Lucidity exists on a spectrum.
Sure, you can say that a person is either lucid dreaming or not. If you have any awareness that your reality is a dream, or any level of conscious control, or both - then you're lucid.
But there is a scale of increasing lucidity to be defined. And the level of your lucidity has a major impact on:
The following are my own unofficial classifications of lucidity in dreams.
For most people, this is the default dream state.
You are totally unaware that you are dreaming and you accept the dream as reality.
It may be hazy and illogical, or vivid and highly evocative. Either way, when you have no conscious awareness or control of your dream, you are not lucid.
Non-lucid dreams are created entirely by the unconscious mind. They are based on memories, experiences, fears and desires, illustrated by your unconscious conceptual understanding of reality.
This is the lowest level of lucidity, most common in beginners.
A semi-lucid dream is almost always the result of a Dream Induced Lucid Dream (DILD). You're dreaming of being on a first date with a giant, gregarious gerbil when you suddenly realize you're dreaming. The world snaps into focus.
Perhaps for the first time ever, you exist consciously in a new reality. This is not like wakefulness. This is really, really alien. It's hard to focus.
You say out loud, "I'm dreaming!" You ditch the gerbil and attempt to take flight. But nothing happens. The gerbil sniggers. You try again. Gravity resists.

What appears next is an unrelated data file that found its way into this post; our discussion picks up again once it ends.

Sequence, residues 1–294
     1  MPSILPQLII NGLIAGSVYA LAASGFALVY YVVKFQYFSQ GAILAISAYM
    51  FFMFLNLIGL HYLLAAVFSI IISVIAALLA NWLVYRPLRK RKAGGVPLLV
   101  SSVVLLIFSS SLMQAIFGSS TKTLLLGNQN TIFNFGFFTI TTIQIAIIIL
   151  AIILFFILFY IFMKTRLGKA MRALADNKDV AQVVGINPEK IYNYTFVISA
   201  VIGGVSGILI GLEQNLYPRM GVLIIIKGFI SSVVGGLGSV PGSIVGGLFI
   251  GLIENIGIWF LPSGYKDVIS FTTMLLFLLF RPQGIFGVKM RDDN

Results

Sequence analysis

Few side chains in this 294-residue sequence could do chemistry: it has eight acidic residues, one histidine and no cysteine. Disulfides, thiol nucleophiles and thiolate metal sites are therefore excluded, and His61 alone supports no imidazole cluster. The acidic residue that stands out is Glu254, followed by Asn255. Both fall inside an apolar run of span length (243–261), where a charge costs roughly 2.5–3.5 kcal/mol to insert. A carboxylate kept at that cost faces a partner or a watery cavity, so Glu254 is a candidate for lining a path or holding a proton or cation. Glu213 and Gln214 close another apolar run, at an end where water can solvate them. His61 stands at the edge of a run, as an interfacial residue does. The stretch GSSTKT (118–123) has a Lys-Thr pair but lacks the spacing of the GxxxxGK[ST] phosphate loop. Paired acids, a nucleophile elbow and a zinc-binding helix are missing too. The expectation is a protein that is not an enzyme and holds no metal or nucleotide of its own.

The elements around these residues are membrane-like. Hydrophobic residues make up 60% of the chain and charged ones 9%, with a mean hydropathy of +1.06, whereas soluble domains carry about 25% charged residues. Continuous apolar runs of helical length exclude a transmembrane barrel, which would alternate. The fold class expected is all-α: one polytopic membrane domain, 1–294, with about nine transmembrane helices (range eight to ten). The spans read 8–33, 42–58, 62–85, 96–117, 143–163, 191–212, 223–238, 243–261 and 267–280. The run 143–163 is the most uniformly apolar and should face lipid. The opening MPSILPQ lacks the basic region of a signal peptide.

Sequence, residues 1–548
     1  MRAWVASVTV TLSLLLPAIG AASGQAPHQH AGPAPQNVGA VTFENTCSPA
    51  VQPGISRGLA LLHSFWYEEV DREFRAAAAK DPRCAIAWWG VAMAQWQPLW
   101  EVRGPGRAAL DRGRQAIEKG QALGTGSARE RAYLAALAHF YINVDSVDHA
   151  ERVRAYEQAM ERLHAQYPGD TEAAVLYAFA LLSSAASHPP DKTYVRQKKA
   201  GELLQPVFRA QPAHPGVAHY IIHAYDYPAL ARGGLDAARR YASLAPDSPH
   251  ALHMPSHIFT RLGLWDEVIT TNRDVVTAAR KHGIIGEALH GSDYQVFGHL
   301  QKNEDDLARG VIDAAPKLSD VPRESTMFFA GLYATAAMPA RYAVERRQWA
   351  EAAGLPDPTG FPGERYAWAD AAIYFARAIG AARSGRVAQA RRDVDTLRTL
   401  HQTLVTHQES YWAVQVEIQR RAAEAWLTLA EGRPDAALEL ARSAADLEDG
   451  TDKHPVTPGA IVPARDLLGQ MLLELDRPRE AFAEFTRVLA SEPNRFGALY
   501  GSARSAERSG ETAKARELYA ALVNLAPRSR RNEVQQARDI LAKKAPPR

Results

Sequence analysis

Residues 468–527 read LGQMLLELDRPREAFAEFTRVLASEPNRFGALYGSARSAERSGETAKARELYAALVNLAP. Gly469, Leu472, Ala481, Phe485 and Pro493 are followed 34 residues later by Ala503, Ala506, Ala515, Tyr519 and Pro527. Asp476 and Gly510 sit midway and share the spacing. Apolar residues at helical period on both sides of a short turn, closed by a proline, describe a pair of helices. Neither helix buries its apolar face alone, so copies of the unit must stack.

Something is blocking your conscious will from affecting the dream world. But what?
You're wandering around the dreamscape, half aware that you're dreaming, but also overpowered by the realistic and yet inconsistent nature of the dream.
That thin strand of conscious awareness is hard to hold on to.
A lion sneaks by. So does Angelina Jolie. Hey, what? A mailbox.
You forgot you were dreaming. Lucidity is lost.
The solution to this semi-lucid limbo? Take the time to maximize your conscious awareness the moment you become lucid. It will affect the entire outcome of your dream.
The good news is, as you heighten your lucidity, you will become more observant of your dreamworld and the rules at play.
The part of your conscious brain that is responsible for shaping and influencing the dream will start writing a new rule book.
Soon you will be able to soar above the clouds, run through solid objects and create entire new dream scenes.
RELATED: How to Control Your Dreams